The Royal Malaysia Police (PDRM) had a tough time in the 1970s as violent crimes were rampant throughout the nation.
In the midst of this state of lawlessness, a 'Woman of Steel' stood out as the first Indian policewoman feared and respected by many criminals.
A Chandramalar, or more commonly known as Chandra, was a former Assistant Commissioner of Police (ACP) who nabbed pimps, drug pushers, and gambling syndicates in Penang, and was famed for breaking down the doors of brothels with one swift kick, as reported by The Star.
Chandra was born in 1939 in Jaffna, Sri Lanka to a railway clerk father and housewife mother. She is the fourth child in a family of five girls and grew up in Kluang, Johor.
According to Varnam, Chandra first joined the police force as a probationary inspector in 1960 after a short term working as a primary school teacher.
Since she was an excellent sportswoman, she effortlessly mastered shooting, self-defense, judo, and direct combat with an armed person while on the force, proving that she is as good as any other policeman.After graduating the following year, Chandra was posted as an investigating officer to the police headquarters in Penang. She then worked as a prosecuting officer for two years at the magistrate's court.
In 1972, when the island was engulfed in narcotics, gambling, and prostitution, Chandra became the first woman to head the anti-vice branch in Penang
She and her squad of 13 police officers travelled on Honda motorcycles, raiding as many as 15 brothels or gambling dens each day, averaging roughly 200 raids per month.
Chandra had also gone undercover, disguised as a sex worker on several occasions to catch a pimp or blending in among the gamblers to secure a ringside seat, she once told The Star.
"Sometimes, the gamblers would climb out the windows screaming, 'Kelinga cha bor lai leow! (The Indian woman has come!)'"
Although she earned the moniker 'Woman of Steel', Chandra was a very compassionate person who helped many criminals rehabilitate, including young sex workers and drug addicts
On one such instance, Chandra had refuse to shoot a drug pusher the squad were chasing down on their motorcycles for 8km.
Instead, when they finally caught him at a junction, she hit him with her helmet to subdue him. Chandra was adamant that "one should not sacrifice one's life unnecessarily".
She also tried to save a young American woman who initially came to the country for her doctorate research. "We detained her in a raid," Chandra told The Star.
"And seeing the needle marks on her arm, I could see her drug habit was the reason she was prostituting herself."
Chandra persuaded the immigration authorities to allow the young woman to leave Malaysia even though she had overstayed her visa. However, the woman declined and later overdosed in a hotel.
But that did not break Chandra's spirit, she went on helping out whenever she could, like rescuing a 12-year-old sex worker from a hotel that charged each of her patrons RM100 but only paid her RM5.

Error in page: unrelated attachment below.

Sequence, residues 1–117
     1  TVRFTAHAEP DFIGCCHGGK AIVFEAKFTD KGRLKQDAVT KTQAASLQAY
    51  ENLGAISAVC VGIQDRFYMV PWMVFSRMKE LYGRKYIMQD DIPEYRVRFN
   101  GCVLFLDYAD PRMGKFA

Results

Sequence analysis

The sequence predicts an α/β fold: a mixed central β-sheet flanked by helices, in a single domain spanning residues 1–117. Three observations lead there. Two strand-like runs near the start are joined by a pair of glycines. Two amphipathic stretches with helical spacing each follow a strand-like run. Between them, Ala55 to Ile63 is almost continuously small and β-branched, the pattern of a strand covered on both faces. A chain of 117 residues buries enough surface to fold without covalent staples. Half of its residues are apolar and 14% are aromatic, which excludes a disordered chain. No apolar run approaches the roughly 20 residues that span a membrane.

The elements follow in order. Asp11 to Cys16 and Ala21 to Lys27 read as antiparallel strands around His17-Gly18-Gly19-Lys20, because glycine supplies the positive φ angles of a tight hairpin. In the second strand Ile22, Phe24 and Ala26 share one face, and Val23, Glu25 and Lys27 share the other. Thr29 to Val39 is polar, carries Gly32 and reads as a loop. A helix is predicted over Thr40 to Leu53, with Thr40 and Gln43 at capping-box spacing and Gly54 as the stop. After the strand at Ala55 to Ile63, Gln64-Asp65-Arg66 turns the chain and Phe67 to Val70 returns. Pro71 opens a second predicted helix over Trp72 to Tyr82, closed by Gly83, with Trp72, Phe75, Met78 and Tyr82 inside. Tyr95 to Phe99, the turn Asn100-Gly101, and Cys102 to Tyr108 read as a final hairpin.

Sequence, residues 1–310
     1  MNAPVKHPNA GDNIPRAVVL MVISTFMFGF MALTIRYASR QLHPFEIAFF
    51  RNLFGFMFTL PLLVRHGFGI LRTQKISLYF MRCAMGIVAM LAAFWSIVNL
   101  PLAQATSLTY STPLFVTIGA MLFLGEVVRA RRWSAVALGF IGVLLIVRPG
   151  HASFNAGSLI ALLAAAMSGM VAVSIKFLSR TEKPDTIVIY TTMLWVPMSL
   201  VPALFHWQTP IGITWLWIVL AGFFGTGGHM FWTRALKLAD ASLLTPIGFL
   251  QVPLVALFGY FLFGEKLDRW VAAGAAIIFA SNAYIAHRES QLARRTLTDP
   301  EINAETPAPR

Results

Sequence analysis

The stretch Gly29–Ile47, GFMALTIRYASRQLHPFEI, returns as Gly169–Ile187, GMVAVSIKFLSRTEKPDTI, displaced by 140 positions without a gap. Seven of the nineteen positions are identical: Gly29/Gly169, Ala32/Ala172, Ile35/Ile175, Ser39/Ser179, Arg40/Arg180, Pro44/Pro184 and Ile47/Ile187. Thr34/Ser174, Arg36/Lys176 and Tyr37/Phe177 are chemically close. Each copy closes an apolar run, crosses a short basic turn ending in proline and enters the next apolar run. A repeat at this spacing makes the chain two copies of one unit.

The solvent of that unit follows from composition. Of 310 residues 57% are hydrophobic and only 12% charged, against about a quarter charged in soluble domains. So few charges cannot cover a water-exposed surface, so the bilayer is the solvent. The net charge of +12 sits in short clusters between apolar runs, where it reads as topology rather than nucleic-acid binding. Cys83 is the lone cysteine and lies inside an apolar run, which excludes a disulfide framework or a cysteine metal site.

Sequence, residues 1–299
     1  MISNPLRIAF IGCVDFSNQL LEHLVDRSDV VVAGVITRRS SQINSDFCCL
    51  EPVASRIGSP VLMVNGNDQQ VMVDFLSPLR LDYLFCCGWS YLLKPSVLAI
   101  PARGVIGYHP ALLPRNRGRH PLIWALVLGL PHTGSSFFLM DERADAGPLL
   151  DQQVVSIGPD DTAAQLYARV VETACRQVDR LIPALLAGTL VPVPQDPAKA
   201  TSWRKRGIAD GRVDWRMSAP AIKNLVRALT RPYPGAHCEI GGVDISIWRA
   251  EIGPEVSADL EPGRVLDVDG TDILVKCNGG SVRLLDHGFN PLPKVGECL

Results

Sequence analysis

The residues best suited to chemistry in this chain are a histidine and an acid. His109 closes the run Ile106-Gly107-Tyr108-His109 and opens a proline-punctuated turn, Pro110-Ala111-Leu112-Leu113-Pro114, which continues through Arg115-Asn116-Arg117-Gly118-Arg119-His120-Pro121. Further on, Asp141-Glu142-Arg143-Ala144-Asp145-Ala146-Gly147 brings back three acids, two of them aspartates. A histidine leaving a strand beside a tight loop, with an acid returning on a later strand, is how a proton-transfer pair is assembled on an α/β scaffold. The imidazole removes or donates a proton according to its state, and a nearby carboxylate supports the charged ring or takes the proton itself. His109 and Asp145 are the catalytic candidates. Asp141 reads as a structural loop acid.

"When I saw her again in a welfare home, she thanked me for setting her free and showed me how well she had learnt to sew," she was also quoted as saying.
Chandra had a 90% conviction record in her 30 years as a cop, an accomplishment that awarded her two letters of commendation and a Pingat Jasa Masyarakat (PJM) from the Governor of Penang
In 1974, Chandra was one of two Malaysian female police officers sent to Washington D.C. to attend a course in police management — with narcotics orientation — at the International Law Enforcement Academy (ILEA).
She was promoted to Assistant Superintendent of Police (ASP) in 1977, becoming the first woman to work as an executive staff at the Kuala Kubu Bharu Police College.
She also received an Ahli Mangku Negara (AMN) from the King in 1977, and a Kesatrian Mangku Negara (KMN) in 1994.
Then in 1981, she was posted to Shah Alam as a Deputy Superintendent of Police (DSP), in charge of commercial crime for Selangor.
Chandra became the first woman Superintendent of Police, as deputy officer in charge of criminal investigation in courts for Kuala Lumpur in 1989.
She was in charge of managing 200 police personnel and 30 prosecuting officers in all courts. This position also involved her liaising with the judiciary, the Attorney-General's Chambers, the Bar, and the public.
Finally in 1994, Chandra retired as an Assistant Director of Research and Planning in the Criminal Investigation Department (CID) of Bukit Aman
She had the rank of Assistant Commissioner of Police (ACP), making her the first non-Malay woman to be commemorated this way.
Now at 80-years-old, Chandra lives a quiet life in Klang with her family. She assisted her husband in tutoring neighbourhood children until he passed away recently.
Also, due to her impressive knowledge and experience in the Malaysian court system, Chandra is still often consulted on legal cases and also looked up to in the local Sri Lankan Tamil community today.
This article is part of our Hari Kebangsaan Heroes series. Check out more stories of remarkable Malaysians here: